Avoid a Crisis During a Crisis

What you don’t know can hurt you.

Of the most important estate planning documents that all adults over the age of 18 should have, the Healthcare Power of Attorney (also known as an Advance Medical Directive or “AMD”) is the one most misunderstood.

While none of us wants to consider a time where we may find ourselves incapacitated, a Healthcare Power of Attorney is used to designate a trusted “Agent” to make medical-related decisions on your behalf.

Why is this important?

Should you develop an illness that includes a high fever and cannot rationally direct your own medical care; your Agent can act on your behalf.

Consider if you were involved in a car accident and were to lapse into a coma, your Agent can make medical-related decisions on your behalf.

Another common example are persons who may develop Alzheimer’s disease, which causes one to experience a gradual cognitive decline. At what point will you be unable to make your own medical decisions?

One common myth is that your spouse, partner, parent, or other loved one will automatically have the legal authority to interact with your medical professionals when a situation arises. This line of thinking does not square with reality.

Incapacitation does not discriminate

While many assume that estate planning (which includes the creation of a Power of Attorney and Medical Directive) is primarily for seniors, this flawed thinking can come at a great price – both figuratively and literally.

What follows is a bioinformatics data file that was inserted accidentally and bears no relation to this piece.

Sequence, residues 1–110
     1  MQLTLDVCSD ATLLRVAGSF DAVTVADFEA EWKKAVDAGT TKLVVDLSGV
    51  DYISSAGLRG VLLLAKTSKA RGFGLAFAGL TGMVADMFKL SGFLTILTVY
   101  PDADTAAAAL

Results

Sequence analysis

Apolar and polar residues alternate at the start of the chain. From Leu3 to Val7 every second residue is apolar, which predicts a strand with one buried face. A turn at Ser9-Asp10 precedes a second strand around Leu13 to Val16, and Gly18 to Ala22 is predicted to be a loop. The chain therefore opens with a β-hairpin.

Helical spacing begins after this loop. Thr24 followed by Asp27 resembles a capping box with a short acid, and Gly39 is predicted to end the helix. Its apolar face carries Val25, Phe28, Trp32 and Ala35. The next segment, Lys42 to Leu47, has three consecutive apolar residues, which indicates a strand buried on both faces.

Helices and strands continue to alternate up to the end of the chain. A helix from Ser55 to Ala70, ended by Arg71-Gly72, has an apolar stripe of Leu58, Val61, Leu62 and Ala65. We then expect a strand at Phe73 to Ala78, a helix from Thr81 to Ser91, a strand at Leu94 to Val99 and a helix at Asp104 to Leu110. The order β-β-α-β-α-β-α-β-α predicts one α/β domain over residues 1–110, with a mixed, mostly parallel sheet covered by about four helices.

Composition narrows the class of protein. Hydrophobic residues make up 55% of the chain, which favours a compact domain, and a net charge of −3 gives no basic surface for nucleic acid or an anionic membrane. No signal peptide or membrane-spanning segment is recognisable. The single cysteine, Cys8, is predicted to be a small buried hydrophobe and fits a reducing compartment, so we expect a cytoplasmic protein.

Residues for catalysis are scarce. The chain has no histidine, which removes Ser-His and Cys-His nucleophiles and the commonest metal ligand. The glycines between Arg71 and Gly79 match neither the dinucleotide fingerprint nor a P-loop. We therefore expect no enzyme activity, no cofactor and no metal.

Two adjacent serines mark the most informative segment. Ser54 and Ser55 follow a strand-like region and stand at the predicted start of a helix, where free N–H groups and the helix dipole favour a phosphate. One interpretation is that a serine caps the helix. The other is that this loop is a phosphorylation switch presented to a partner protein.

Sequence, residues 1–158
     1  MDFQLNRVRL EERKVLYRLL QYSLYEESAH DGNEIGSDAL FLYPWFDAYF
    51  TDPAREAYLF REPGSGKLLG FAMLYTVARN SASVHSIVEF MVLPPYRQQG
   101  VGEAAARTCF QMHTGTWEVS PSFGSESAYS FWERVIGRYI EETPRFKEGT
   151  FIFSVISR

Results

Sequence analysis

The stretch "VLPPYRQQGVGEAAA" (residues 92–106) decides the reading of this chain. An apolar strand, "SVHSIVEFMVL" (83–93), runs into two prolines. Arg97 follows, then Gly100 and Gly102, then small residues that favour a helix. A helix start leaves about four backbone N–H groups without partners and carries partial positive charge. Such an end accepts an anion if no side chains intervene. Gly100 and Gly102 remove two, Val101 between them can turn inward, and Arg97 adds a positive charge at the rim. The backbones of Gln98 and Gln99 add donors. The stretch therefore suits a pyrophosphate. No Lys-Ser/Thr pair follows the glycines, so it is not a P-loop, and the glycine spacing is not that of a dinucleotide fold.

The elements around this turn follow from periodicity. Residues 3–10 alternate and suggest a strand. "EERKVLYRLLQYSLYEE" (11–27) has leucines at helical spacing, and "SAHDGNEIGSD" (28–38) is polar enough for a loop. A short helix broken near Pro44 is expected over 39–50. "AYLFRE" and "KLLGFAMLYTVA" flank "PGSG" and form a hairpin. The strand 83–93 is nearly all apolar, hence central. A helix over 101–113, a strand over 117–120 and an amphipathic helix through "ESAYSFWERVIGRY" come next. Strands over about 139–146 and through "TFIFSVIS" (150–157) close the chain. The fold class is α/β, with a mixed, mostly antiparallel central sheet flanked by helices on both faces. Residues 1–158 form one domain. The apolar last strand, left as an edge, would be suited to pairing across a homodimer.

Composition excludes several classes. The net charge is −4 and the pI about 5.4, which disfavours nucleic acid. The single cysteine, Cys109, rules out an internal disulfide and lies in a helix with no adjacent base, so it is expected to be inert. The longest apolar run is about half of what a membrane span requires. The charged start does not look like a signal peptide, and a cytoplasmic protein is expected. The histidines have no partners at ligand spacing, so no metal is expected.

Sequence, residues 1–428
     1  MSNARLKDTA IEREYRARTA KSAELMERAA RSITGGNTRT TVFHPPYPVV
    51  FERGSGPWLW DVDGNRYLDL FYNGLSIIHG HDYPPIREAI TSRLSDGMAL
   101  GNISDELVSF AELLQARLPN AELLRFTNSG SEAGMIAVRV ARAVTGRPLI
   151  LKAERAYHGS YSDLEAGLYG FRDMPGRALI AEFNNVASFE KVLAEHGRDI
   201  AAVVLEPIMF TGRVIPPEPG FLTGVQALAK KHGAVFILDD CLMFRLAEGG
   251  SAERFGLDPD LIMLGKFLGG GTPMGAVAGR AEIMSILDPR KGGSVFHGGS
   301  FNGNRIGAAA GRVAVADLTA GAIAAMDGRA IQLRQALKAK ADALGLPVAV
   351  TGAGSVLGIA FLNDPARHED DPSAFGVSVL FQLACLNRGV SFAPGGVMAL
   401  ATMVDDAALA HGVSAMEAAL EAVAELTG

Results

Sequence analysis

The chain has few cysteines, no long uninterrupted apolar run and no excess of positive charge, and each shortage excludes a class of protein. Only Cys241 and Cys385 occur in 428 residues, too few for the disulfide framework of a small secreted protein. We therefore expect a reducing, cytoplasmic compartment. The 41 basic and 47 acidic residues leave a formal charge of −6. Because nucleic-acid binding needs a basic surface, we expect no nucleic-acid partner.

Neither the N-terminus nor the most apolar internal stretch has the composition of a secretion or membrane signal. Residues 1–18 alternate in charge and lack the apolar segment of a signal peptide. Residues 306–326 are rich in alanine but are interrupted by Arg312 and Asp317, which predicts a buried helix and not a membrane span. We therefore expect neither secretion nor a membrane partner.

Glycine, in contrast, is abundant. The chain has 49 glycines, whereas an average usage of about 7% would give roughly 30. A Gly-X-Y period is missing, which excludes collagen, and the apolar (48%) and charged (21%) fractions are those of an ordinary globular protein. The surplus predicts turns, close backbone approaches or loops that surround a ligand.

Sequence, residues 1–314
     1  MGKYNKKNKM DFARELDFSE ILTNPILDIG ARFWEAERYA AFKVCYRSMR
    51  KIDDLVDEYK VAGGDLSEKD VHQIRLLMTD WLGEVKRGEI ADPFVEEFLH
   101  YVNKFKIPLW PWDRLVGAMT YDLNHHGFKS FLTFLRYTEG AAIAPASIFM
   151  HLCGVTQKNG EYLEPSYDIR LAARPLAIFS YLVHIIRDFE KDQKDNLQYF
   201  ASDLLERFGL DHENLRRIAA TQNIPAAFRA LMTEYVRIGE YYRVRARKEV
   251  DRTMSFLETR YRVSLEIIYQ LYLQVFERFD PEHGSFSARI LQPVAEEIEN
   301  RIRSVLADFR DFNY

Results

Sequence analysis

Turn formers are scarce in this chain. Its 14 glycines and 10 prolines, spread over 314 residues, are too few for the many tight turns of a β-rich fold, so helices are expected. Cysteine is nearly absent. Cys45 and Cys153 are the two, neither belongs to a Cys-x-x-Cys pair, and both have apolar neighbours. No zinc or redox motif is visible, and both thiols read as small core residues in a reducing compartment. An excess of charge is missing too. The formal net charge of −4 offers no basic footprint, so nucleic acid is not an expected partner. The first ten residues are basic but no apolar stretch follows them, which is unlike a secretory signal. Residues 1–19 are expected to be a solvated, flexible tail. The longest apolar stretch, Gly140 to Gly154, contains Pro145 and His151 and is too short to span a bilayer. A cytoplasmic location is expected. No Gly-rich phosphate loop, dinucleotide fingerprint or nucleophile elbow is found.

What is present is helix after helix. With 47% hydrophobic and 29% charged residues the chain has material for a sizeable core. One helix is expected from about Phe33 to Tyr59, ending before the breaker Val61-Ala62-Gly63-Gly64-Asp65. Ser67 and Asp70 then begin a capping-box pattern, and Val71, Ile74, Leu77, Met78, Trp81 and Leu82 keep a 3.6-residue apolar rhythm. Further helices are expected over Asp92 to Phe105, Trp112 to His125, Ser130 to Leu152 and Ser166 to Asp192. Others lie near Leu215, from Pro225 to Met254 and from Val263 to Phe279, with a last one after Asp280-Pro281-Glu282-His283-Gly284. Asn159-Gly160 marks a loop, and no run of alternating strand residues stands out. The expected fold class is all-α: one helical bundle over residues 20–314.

First, we cannot foresee what lies ahead. Consider the Coronavirus. Who could have anticipated a global pandemic and how or when one may be affected? For those whom are severely affected by this illness, treatment may include being placed on a ventilator. With that, if one cannot speak and thus cannot make their wishes known, having a legally appointed Agent can be of utmost importance during such a crisis.

We cannot emphasize enough the importance that every adult over the age of 18 have a Healthcare Power of Attorney.

Should you become incapacitated, require medical treatment, and do not have a Healthcare Power of Attorney, life just became more complicated. Now, a guardianship action may need to be filed. This is a formal court procedure, which appoints someone to make medical and financial decisions on your behalf. This process can be lengthy and costly, much more so than taking the preventative approach of preparing a Healthcare Power of Attorney document.

During these uncertain times, it is important to consider taking a simple action that will protect you and your loved ones, in the event of a medical crisis.

If the above information speaks to you, reach out today if we may be of service. We wish only good things for you and your loved ones, especially during these trying times.

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